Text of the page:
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The greatest band you never heard of

A look behind the scenes at the Cramps. First, a cpl-three of my personal favorites.

Yes, I’m aware that the Cramps’ bare-bones, raw, stripped-to-the-primer sound; the shock/schlock vintage horror-movie sensibilities which are shot through both their recordings and their onstage presentation; and Lux Interior’s more-shouted-than-sung vocal style isn’t going to appeal to all of y’all CF Lifers—let alone the bizarre way he prowls and flings himself around onstage, the outré antics, the in-your-face freaky-deakiness. I can see how that might be off-putting to those who didn’t come of age during the mid-70s punk rock explosion like I did, and that’s cool. In consideration of more-restrained and/or genteel tastes, I’ll do y’all a favor and just tuck the rest of this post away beneath the fold.

Continue reading “The greatest band you never heard of”

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Clown act

Our last Halloween post until next year, I’m thinking.

It’s Halloween Everyday With Cross Dressing, Clowns & Freaks
This week we took a look at some crazy Halloween costumes that many people on the left were wearing. The scary part was that many people on the left wear Halloween costumes daily! Whether it’s in cross-dress, in baby diapers, as clowns, or freaks, the left seems to give me the creeps every day.

We start out this week by seeing a grown man dress up in what looked like a Cabbage Patch Kid outfit drinking milk from a baby bottle at the mall. I’m so grateful that he was bottle and not breast fed.

Next is a lady who begged viewers to donate to her so that she could provide more LGBTQ books for her students to read in school. She was a groomer dressed up as a teacher apparently.

After that is a biological man who, over and over and over and over, corrected restaurant servers when they referred to him as “sir.” Newsflash mister, you ARE a sir!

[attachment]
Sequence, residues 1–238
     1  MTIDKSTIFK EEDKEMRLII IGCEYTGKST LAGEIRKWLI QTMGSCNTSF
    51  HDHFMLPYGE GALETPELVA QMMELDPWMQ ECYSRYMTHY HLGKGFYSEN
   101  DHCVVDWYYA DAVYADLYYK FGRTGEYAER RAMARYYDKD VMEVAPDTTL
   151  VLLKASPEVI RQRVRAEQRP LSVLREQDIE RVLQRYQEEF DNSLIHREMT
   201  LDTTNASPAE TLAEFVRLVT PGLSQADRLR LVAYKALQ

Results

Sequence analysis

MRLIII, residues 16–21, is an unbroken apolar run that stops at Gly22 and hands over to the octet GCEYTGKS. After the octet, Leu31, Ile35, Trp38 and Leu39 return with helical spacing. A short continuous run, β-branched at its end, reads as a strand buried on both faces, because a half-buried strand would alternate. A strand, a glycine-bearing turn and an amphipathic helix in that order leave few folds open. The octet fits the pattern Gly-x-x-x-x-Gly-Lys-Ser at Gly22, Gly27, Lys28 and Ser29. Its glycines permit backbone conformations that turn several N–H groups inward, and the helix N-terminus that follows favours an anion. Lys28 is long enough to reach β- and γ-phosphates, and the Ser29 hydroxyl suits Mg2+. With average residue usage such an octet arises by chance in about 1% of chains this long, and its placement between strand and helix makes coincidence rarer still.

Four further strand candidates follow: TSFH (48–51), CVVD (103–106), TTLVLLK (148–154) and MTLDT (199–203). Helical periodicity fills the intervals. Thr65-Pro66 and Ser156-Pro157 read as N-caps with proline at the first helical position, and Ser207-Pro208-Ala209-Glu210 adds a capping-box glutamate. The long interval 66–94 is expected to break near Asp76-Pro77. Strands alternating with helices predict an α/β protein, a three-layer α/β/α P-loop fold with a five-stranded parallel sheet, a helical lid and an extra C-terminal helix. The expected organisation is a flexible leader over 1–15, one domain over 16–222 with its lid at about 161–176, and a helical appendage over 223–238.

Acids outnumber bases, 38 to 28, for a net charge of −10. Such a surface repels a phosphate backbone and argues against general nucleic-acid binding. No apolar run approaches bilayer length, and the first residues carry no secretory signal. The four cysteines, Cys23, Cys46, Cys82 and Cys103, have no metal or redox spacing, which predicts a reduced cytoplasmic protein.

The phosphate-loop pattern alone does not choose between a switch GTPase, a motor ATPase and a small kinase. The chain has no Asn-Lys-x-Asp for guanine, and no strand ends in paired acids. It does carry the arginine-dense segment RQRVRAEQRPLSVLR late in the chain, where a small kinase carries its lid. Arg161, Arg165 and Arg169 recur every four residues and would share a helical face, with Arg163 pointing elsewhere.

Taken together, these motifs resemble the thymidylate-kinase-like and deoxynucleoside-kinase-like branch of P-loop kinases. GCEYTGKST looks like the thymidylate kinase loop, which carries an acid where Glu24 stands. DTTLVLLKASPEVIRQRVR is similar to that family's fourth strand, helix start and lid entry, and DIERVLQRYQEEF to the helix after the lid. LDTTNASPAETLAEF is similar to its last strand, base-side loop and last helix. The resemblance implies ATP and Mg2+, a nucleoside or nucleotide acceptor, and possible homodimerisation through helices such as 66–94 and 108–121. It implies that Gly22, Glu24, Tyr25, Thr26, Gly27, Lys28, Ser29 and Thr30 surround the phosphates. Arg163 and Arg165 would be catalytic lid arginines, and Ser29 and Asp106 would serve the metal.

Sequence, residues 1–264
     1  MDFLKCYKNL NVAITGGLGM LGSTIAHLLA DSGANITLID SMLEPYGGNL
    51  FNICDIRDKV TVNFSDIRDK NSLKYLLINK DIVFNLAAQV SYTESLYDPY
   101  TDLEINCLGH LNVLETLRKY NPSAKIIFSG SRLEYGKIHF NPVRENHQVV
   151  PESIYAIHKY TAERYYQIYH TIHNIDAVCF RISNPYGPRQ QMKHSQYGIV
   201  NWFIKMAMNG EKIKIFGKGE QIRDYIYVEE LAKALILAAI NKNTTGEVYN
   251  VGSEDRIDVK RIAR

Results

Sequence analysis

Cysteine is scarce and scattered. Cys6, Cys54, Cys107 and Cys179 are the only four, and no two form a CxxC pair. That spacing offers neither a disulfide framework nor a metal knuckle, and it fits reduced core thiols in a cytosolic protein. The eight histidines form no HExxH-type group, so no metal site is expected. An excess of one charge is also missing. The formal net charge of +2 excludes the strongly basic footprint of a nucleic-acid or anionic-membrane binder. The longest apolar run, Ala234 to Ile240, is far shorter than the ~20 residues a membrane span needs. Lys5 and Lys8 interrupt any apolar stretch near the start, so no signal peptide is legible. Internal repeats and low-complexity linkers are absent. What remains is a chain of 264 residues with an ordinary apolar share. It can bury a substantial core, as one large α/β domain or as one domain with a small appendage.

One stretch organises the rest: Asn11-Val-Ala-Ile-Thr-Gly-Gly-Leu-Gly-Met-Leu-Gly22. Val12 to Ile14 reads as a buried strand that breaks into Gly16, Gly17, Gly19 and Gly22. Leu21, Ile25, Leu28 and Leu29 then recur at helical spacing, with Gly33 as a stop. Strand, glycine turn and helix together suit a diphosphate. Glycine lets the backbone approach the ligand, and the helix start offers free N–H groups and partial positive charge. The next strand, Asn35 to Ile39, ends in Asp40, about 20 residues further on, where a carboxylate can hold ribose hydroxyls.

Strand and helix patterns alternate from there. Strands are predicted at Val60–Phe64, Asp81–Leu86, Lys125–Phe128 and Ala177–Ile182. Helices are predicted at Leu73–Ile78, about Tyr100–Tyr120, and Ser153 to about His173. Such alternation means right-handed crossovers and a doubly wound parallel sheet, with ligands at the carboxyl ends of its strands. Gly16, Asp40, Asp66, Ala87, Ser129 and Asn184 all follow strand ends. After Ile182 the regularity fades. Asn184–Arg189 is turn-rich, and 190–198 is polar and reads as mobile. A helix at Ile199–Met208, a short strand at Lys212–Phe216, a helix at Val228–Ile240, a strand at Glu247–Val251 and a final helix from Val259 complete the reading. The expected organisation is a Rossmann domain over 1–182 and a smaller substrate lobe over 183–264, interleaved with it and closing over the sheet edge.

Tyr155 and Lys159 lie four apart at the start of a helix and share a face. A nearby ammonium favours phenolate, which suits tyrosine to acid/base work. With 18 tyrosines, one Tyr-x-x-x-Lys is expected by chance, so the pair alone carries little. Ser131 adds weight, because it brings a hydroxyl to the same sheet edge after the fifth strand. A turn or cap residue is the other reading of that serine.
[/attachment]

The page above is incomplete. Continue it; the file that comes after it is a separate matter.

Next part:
That same dude claimed he’d rather be stuck in an elevator than referred to as a sir. Hey, if keeping him stuck in an elevator keeps him and his narcissism away from all of us, I can’t say that’s the worst idea!

After his clown show came a different clown show from a woman who claims that white women need to “listen exclusively to black, brown and indigenous women, femmes, and non men.” Isn’t placing races over other races considered racist? I guess not for her. I mean after all, I think she was trying to pass as a fool for this year’s Halloween.

Speaking of fools, two people proclaim how much they like Hamas terrorists. One even admitted that he didn’t care about the innocent Israeli lives being taken away and instead that he “love[s] Hamas.”

These people are evil for supporting such vile animals!

While we’re on the topic of animals, a crazy lady pretended she was a dog by barking and howling at a man on a public bus and a drag queen dressed up as the devil only her fit wasn’t exactly for Halloween.

I get that Halloween is about dressing up as things that you’re not, like as a fairy or as a firefighter or a ghost, but these freaks seem to think that everyday is Halloween and dressing up and living delusions is just a part of everyday life.

Puts me in mind of a song from the best album the Dead Kennedys ever did, Plastic Surgery Disasters.

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It all sounds the same

Thought I’d throw out some more fallout from that rabbit-hole deep dive of mine yesterday, just to bring my point about the great stylistic diversity of said genre fully and firmly home via two of my perennial faves from way back then. Take it away, fellas.

Annnnd the counterpoint.

All alike, sure. About like ripe, juicy pears and scorpions are.

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Punk AF

So I just spent the last two-plus hours diving deep into yet another musical rabbit hole, this time a first-wave punk rock one. Naturally, inevitably, and as per usual, I enjoyed it enough that I decided it might be worth sharing with you fine folks, via a song apiece from Ulster’s top two local-hero bands: Stiff Little Fingers and the Undertones, two bands that sound nothing whatsoever alike and who, quite famously, did NOT get along At. All.

Next up, my own personal SLF fave.

And now, just to blow right out of the water as self-evidently bogus the most common complaint from the early naysayers of the Punk Rock Revolution, that “all that crap sounds the same”: lads and lassies, I give you The Undertones.

Ahh, my youth; where DID it go, pray tell, and why did it have to be in such an all-fired hurry about leaving?

As even a punk-rock neophyte can readily discern, though these two bands shared not just a common home nation, province, and city (Belfast), but a common freakin’ section of said city, the hard-hitting, dark, and rough-edged sound of Stiff Little Fingers contrasts quite sharply with the Undertones’ brighter, more tuneful power-pop, don’tchathink?